It’s been 45 years since a food scientist named Herb Peterson brought a handheld version of eggs Benedict to McDonald’s. And while the classic Egg McMuffin is still on the menu, it’s now competing with lower-calorie options, making drive-thru breakfasts more diet-friendly. Don’t get us wrong. There are still plenty of places to stray. For example, two years ago Taco Bell introduced Cap’n Crunch Delights and some breakfast sandwiches can pack in over 700 calories.
For a moment I’d like you to imagine a spider. For the record: not the fluorescent red-and-blue, artificially enhanced arachnid that bit Peter Parker’s hand and endowed him with the gifts of web-slinging super powers in the Spider-Man films. No, just your average, everyday, eight-legged predator that you’ll find occasionally crawling about the garden in your backyard. These are the spiders that spin the beautifully ornate webs that you see portrayed in gauze above household doorways on Halloween.
“What is the single best way to lose weight?”I get this question a lot. When you’ve devoted your entire professional career to helping Americans lead healthier, more fulfilling lives (and make frequent appearances on TODAY as Nutrition and Wellness Correspondent), you find that a lot of people will approach you in odd places with that question in mind.
LISTEN UP! Excited to introduce the new @EatThisNotThat Podcast today! Catch the buzz with Episode 1 which takes a deep dive into one of the most debated about beverages: coffee. http://ow.ly/7N3i30hRlYa
Be sure to tune in tomorrow 8:50 EST to @FoxandFriends! I’ll be showing you your new guide to taking the guesswork out of grocery shopping & top exercises to boost your metabolism & lose that belly! https://t.co/6Ku9bMGtP3
The Super Metabolism Diet FINALLY takes the guesswork out of which foods to buy at the store, what to pack for lunch, top exercises to speed up your sluggish metabolism and lose that belly! Get your copy here!
Muck Rack makes it simple to find people, tweets, or articles that mention any name, keyword, company, hashtag etc. We've compiled this guide to help you make the most of your search.
Selecting a term
Start searching tweets, articles from media outlets, articles mentioned in tweets, journalists'
names, titles and bios with some suggested searches:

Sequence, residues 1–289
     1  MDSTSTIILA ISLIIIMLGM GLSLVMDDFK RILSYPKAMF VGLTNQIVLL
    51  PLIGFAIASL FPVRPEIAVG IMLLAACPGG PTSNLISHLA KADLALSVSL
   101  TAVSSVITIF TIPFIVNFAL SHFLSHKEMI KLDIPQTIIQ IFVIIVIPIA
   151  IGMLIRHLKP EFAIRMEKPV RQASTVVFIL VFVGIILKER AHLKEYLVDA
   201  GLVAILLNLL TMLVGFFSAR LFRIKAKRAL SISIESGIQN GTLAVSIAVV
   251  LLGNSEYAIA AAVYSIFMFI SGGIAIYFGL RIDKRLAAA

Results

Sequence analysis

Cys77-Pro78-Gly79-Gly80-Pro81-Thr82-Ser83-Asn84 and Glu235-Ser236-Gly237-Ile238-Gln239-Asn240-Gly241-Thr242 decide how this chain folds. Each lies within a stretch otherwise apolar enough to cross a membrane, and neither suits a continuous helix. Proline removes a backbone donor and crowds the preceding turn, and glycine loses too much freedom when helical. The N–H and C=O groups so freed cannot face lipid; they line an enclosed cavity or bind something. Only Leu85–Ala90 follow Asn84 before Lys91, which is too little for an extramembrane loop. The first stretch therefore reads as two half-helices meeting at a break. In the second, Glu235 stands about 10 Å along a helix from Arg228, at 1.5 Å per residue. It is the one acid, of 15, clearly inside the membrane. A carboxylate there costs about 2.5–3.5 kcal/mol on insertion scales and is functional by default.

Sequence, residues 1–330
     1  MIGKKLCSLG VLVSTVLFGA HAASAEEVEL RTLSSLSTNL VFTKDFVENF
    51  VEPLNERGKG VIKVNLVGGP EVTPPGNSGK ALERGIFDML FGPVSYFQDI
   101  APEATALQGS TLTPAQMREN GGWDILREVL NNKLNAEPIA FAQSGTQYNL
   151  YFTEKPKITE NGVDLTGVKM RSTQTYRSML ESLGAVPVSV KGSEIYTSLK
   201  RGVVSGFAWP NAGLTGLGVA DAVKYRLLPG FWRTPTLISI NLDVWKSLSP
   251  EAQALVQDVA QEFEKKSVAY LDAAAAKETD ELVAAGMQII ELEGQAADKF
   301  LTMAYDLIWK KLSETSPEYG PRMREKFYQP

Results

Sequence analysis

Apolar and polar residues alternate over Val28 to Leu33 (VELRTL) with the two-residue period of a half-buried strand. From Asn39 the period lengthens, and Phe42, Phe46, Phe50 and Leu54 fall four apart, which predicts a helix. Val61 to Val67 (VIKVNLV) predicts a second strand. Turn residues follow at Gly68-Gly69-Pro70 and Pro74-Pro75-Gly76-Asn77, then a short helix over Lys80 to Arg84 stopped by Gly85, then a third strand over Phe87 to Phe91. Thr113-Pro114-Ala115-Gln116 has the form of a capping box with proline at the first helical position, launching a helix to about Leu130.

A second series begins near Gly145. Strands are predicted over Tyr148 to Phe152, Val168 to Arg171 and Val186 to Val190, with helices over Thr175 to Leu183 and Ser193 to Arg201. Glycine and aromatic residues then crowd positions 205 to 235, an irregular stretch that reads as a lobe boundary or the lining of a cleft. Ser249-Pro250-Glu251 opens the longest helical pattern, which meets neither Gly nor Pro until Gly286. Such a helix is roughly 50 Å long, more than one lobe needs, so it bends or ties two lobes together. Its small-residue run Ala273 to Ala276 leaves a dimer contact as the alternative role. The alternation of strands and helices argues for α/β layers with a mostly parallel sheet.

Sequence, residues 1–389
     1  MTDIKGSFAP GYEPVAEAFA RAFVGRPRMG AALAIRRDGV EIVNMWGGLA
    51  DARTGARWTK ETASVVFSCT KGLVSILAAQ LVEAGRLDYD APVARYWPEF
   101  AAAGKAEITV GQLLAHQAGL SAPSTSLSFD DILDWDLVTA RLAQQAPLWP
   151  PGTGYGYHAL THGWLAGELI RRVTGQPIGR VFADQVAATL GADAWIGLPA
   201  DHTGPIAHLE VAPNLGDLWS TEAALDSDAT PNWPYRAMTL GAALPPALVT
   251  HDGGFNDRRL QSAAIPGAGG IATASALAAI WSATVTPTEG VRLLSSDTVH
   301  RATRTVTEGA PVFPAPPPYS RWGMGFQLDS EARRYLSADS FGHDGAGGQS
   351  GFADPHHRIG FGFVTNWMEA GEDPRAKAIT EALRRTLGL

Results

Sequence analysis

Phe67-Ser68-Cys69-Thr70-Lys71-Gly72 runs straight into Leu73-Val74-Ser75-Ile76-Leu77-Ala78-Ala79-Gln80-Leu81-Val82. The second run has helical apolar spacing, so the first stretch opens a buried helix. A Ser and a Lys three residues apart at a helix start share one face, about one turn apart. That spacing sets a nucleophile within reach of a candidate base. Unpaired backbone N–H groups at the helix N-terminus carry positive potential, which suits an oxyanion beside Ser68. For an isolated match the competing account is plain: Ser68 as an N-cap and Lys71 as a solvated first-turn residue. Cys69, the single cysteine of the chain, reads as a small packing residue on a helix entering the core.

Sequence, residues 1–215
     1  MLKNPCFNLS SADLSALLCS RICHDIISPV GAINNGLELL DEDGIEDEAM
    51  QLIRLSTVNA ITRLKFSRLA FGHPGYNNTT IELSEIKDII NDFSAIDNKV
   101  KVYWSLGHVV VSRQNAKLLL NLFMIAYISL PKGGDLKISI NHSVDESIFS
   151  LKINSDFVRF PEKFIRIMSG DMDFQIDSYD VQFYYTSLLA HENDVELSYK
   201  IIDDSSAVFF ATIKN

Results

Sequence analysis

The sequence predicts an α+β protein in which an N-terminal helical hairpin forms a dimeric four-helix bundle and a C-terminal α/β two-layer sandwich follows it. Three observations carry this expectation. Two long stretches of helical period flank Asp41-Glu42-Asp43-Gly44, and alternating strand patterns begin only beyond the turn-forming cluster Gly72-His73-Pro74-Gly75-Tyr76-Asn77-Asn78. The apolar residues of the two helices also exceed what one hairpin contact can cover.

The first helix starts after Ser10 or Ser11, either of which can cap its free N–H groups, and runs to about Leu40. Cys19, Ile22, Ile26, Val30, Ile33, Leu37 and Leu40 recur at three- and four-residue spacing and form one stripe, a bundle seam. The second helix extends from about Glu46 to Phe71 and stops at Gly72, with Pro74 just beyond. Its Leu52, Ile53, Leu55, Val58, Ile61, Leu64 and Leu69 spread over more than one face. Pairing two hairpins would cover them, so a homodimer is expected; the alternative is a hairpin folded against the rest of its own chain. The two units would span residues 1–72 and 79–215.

Companies or Topics (e.g. iPhone, Microsoft)
Phrases (e.g. "cloud computing") — use quotes to keep the terms together
Twitter handles (e.g. @username) — returns those who have mentioned or replied to
Names (e.g. "David Pogue")
Hashtags (e.g. #sxsw, #london2012)
Bio details (e.g. vegan, Olympics, father)
Muck Rack's Advanced Search allows for many boolean operators.
Find results that mention multiple specified terms, use AND or
+. For example, ensure each result contains both Elon Musk and Mark Zuckerberg by
searching Musk AND Zuckerberg or Musk + Zuckerberg.
Use the operators OR or , to broaden your search when you'd like either of
multiple terms to appear in results. (This is the default behavior of our search when no operators
are used). For example, results will contain either cake or cookie by searching cake OR cookie or cake,cookie
Use NOT or - to subtract results from your search. For
example, searching Disney will yield results about the Walt Disney Company as well as Walt Disney
World Resort. To exclude mentions of Disney World, search for Disney -World or Disney
When using one of these operators with a phrase, enclose it in quotation marks. For example, you can
find results about smartphones excluding Apple's iPhone 4S by searching smartphone -"iPhone
Exact case matching or punctuation
If you're searching for a brand name or keyword that relies on specific punctuation marks or capitalization, you can
find results that match your exact query by adding matchcase: before the keyword you're searching for, like matchcase:E*TRADE .
Use parentheses to separate multiple
boolean phrases. For example, to find journalists talking about having fun in Disney World or
Disneyland, search for ("disney world" OR disneyland) AND fun.
An asterisk can be used to search for any variation of a root word truncated by the asterisk. For example, searching for admin* will return results for administrator, administration, administer, administered, etc.
A near operator is an AND operator where you can control the distance between the words. You can vary the distance the near operation uses by adding a forward slash and number (between 0-99) such as strawberries NEAR/10 "whipped cream", which means the strawberries must exist within 10 words of "whipped cream".